Strategic communication refers to people’s communication efforts to address or engage audiences for the advancement of goals. It refers to the use and creation of venues, technologies such as the Internet and mobile phones, discourses and practices of interaction – and their intended and unintended consequences. We see communication as a process between people, shaped by their relations and interactions, that is fundamental for addressing societal and environmental challenges. The Latin verb communicare, the origin of our noun communication, means ‘to impart, share, or make common’. In our plural world, achieving such ‘bringing together’ of actors is no easy feat. At the same time, communication is of prime importance in meeting the challenges of our time.
The research of the Chair Group Strategic Communication engages with key challenges in the WUR domains of food, health and the living environment: healthy lifestyles; sustainable food and food production; and sustainable co-evolution between societies and the living environment. We face pluralism here: People and organizations approach these challenges from different backgrounds, identities, values and worldviews. Starting out from our recognition if these pluralisms, we analyze how strategic communication shapes understandings and processes. We also work on ways in which communication can contribute to innovation and change. In short: we seek to understand today’s communication processes around key challenges in the WUR domains, to make tomorrow’s communication with regard to the challenges more effective.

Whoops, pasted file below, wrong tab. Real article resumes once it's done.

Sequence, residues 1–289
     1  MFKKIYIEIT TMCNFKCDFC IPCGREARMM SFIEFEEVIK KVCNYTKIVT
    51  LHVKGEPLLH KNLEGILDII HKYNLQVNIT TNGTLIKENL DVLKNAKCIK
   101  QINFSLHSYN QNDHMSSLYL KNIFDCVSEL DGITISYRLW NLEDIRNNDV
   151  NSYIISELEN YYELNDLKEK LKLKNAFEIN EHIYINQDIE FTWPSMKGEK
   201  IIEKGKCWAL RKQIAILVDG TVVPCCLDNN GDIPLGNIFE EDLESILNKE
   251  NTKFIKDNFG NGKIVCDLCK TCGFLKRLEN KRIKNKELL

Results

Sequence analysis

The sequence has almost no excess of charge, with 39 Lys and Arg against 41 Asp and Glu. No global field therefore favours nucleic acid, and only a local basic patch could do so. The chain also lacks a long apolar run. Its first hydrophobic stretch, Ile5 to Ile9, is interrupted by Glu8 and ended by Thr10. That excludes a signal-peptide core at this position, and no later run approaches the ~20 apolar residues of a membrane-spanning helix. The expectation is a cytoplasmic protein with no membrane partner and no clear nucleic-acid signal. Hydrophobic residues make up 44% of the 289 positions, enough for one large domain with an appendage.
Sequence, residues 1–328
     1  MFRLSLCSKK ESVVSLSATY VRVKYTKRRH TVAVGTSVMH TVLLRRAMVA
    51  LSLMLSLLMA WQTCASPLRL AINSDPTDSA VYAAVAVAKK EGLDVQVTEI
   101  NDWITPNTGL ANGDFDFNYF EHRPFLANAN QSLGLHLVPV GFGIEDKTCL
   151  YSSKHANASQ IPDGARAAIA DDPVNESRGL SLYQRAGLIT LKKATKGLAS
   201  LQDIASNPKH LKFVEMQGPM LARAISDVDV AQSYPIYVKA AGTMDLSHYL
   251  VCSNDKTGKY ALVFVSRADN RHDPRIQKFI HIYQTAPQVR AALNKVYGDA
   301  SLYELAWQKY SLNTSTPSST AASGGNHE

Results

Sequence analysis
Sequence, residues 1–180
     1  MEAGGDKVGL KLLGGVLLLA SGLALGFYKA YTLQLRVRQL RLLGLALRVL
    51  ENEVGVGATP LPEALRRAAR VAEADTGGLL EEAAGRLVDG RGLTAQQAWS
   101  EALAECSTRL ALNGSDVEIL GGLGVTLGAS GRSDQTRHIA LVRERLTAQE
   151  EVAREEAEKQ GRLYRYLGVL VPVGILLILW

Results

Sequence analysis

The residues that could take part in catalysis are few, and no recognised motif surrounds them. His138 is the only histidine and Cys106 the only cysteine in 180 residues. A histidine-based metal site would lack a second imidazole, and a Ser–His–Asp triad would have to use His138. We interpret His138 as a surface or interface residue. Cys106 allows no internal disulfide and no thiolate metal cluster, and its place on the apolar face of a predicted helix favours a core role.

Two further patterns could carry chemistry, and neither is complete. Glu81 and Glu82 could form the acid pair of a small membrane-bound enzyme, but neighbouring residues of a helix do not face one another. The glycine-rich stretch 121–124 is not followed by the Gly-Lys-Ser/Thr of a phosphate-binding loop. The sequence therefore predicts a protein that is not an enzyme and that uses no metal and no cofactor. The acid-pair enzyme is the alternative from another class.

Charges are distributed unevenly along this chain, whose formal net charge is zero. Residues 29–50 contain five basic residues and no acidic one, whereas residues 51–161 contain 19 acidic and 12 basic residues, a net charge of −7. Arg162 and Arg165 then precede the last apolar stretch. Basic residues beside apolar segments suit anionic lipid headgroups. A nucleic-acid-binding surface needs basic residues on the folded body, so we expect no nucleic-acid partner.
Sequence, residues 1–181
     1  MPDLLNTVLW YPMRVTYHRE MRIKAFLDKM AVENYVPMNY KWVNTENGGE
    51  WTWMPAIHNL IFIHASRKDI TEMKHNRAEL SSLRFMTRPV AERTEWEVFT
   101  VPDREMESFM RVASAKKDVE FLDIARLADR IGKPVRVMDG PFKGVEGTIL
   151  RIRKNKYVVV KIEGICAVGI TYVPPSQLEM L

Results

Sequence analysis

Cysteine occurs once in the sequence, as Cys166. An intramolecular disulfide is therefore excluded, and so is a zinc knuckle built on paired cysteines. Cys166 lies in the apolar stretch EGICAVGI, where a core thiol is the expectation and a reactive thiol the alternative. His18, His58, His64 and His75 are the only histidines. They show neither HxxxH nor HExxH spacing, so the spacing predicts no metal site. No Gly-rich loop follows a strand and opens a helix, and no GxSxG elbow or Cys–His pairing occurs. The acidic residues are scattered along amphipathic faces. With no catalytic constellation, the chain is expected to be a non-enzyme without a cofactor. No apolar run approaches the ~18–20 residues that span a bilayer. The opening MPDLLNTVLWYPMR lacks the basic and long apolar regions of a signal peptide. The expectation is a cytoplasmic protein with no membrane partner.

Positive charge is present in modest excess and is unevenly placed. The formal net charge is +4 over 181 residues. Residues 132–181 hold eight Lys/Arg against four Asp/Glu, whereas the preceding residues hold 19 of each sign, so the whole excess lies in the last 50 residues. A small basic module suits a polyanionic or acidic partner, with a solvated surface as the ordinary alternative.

We connect to key and pressing communication challenges in society stemming from differentiated understandings of what constitutes knowledge and the politics of associated truth-claims; varying perceptions of environmental risks and uncertainties; changing relationships between governments and civil society; and changing trust in institutions; controversies, polarization and experiences of exclusion. At the same time, new forms of collective organization and action have emerged, such as civic initiatives, online activism and experiments with new democratic spaces. These offer novel opportunities for communication as well as challenges that we need to understand, for example concerning questions of access, ownership and empowerment.
Engaging with these communication challenges and opportunities, we aim to develop high-quality theoretical and methodological insights and innovations in communication processes and practices leading to policy and practical recommendations regarding communication that improve the quality of life. Key research questions are, for example: how to create connections and relations conducive of communication, especially when conditions make it hard to do so? How to create and support dialogues between people having different understandings and different powers? How to make sure every voice gets heard? How to help make the most of new spaces for communication and collective change?